After living in a real home with all the amenities that implies, it was time to head up the east coast on my own. This was a momentous occasion for which I was ready. My time on tour had introduced me to hostels and the art of daily travel. I was confident that I could manage the east coast successfully on my own.
I purchased the Bruce Express pass from Oz Experience, and it allowed me 35 days to travel from Sydney to Cairns. Piece of cake, right? So I packed up my stuff and humped it to the train station. Unbelievably, it took me less than 20 minutes to reach the train station even with the extra weight on my back (and in each hand). Apparently all the hiking I did on tour was good for something.
I caught the train into the city and checked in to 790 on George for the night. It was right around the corner from the Oz office, where I was to meet the bus at 6 am. I ended up in an eight-bed girls dorm that appeared to be occupied by long-term residents. There were clothes hung up to dry everywhere and at 3:30 in the afternoon, someone was sleeping behind a curtain of towels. Wonder what kind of job she had?
The room was not the best I’d ever been in but it’d do for just one night. After checking out the girls bathroom, which was all the way down the hall and around the corner, I was still not impressed. There were only two shower and toilet stalls for the entire floor, and everything was dirty and wet. On a positive note, it did have a hair dryer that worked. So, despite its overall uncleanliness perhaps this hostel did have its priorities right.
Even though this place wasn’t ideal, I still had so much to look forward to and did not let it bother me one bit. All of the east coast was in front of me, and who knew what kind of glorious adventures were ahead?
After a nice day spent in the Bondi area, I caught the bus north to Watsons Bay. I had this rather romantic idea of catching the ferry back into the city at sunset. I wanted to experience the beautiful reds and purples from the water and see how the light reflected off the tall buildings in Sydney Harbor.
Unfortunately, my lack of planning foiled me in the end. Sometimes spontaneity and going with the flow are over rated. By the time I reached Watsons Bay, the last ferry had set sail more than two hours ago. The only way I could fulfill my idealistic notions was to swim across to the harbor.
Since my plans had gone awry, I decided to check out the bluffs at Gap Park. For more than 40,000 years before the British arrived, the Gadigal people lived and prospered in the area. But, of course, when the Brits showed up, the natives moved farther and farther away from their lands.
I walked up the path to a spot that overlooked the sea. As the sky darkened, the water looked ominous and the waves appeared dangerous. Who knows what kind of toothy sea monsters lay just beneath the surface? I took a few moments to contemplate the contrasts of nature. On one side of me, darkness fell quickly casting shadows everywhere. On the other side of me, the sun’s rays were still visible and highlighted the buildings, trees and water in an amber glow.
As I watched the sun setting behind the city I thought, “Today was a good day.”
After recovering for a couple of days at Sharon’s, I decided to check out Bondi Beach. How could I come to Sydney and not see it?
When I arrived, the sun was out and the water was a shimmering blue. I found a trail that hugged the coastline from Bondi to Bronte beaches for 2.5 km and decided to follow it to see where it led. The track was lovely and wove itself in and out, up and down the rocky ledges of the coast. There were wonderful cliff-side views of crashing waves and surging tide pools. Wooden benches littered the trail providing perfect rest stops for the weary or those who would like to take in the scenery.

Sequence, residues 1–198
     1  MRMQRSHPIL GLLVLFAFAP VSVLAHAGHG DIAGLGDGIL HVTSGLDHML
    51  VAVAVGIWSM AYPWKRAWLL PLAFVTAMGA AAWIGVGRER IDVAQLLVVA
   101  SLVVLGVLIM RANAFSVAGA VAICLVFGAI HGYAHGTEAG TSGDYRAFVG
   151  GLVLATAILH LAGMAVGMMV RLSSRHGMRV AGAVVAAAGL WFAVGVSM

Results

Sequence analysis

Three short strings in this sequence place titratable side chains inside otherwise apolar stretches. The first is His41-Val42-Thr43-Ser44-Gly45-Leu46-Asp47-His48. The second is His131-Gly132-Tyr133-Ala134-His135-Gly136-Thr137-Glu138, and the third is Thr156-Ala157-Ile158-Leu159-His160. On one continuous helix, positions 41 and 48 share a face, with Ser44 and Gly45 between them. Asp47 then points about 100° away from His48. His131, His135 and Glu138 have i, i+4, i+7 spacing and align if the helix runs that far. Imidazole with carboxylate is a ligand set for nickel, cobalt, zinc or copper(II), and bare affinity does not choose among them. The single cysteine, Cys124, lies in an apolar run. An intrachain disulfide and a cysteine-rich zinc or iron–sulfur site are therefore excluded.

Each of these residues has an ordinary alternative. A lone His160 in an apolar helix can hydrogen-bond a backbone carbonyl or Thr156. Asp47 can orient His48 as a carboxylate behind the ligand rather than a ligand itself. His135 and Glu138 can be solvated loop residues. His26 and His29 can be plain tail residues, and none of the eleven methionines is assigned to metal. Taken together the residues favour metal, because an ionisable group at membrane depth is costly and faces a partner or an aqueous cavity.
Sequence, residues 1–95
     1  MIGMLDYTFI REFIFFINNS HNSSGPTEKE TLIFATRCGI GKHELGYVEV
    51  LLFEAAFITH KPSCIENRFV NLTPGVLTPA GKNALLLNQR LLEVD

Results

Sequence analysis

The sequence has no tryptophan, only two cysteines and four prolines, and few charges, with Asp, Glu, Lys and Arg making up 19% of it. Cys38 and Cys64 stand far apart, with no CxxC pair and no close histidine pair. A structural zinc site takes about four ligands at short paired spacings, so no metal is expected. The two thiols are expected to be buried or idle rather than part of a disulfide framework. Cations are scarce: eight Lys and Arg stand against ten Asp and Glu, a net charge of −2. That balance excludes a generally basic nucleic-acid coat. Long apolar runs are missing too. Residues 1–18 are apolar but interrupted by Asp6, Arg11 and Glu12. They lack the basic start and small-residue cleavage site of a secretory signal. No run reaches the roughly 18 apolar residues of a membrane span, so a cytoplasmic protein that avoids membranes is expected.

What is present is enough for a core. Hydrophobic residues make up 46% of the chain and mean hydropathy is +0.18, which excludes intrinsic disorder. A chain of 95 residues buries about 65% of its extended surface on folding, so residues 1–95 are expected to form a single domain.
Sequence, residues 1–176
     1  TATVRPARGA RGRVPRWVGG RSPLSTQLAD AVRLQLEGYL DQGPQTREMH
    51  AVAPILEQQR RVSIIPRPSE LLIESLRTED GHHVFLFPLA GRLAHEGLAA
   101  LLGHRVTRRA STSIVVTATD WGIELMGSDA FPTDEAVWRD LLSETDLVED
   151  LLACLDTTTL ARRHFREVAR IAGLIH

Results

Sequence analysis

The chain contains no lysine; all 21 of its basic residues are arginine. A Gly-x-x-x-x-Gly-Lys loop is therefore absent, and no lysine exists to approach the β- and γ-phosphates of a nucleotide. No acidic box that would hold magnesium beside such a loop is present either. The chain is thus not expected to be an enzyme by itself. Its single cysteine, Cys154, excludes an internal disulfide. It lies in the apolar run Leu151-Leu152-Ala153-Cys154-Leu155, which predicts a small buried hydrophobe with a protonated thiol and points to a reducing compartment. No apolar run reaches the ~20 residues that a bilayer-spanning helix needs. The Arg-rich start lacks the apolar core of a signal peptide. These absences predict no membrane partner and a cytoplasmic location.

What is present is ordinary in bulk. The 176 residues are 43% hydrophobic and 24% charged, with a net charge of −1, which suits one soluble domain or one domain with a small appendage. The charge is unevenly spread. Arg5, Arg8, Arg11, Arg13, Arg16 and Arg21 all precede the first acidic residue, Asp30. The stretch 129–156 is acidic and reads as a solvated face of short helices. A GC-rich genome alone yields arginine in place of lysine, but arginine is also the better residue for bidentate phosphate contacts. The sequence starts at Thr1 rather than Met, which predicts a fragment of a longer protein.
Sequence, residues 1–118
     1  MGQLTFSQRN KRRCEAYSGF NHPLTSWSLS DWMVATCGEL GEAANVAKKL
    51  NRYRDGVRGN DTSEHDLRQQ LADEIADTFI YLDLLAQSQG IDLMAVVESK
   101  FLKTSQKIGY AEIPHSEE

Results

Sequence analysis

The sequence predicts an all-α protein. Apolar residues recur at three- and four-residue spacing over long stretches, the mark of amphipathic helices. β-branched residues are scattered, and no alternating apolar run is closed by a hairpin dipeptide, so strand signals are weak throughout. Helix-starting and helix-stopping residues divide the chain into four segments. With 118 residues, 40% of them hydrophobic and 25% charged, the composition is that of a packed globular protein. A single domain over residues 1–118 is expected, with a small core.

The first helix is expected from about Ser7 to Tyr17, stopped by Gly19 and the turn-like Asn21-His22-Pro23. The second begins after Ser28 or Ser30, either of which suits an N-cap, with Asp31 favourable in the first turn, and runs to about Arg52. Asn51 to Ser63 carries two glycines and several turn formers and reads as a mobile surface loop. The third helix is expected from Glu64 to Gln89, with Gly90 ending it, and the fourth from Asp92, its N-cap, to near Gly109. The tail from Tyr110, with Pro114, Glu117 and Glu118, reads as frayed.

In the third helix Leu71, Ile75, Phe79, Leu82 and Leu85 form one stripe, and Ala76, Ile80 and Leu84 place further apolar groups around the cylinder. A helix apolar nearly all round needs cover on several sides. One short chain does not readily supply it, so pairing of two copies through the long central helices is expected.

At one point on the trail, I stopped to sit on some rocks that overlooked the water and a group of surfers and boogie boarders. The waves looked like they were decent enough but only a few boogie boarders caught them while I watched. The surfers floated atop the waves and watched them come in, but no one made a move. I’m not sure why not though. Eddie would go!
I continued on and passed Mackenzies and Tamarama bays and Bronte Beach. Rather than return by the same route, I decided to go a different way instead. I got to a road that I thought would lead back to Bondi Beach. Unfortunately, it didn’t. It actually led further inland and took me up a steep hill that just seemed to climb forever. Luckily, I’d been on the Sydney-Darwin tour hikes before this or I think I would’ve had to stop every 15 seconds to catch my breath.
As I continued on this unplanned mountainous trek, I passed some impressive homes. Many were under construction, and you could say this was the Black Point of the area. When I reached the top of the hill, I realized that I had no idea how to get back to Bondi Beach. I was in a neighborhood that I didn’t recognize (although, to be fair, I could’ve passed this way on the bus and wouldn’t have known).
By now, my feet were killing me and I was kicking myself for not taking the coastal walk. The best thing to do was to find a bus stop and seek the help of a map. Now, my map-reading abilities are sketchy at best but at least I’d be able to figure out where I was (by way of the nifty little “You Are Here” dot). I made a beeline for the nearest bus stop and sat down to catch my breath.
I caught the next bus to Bondi Junction, which is next to a Westfield mall, and had lunch there. Since I can barely fit all my stuff into my backpack, there was no point in looking at the shops. Why tease myself by window shopping too? So I hopped on another bus and headed out to Watsons Bay, where I hoped to catch a ferry back to the city.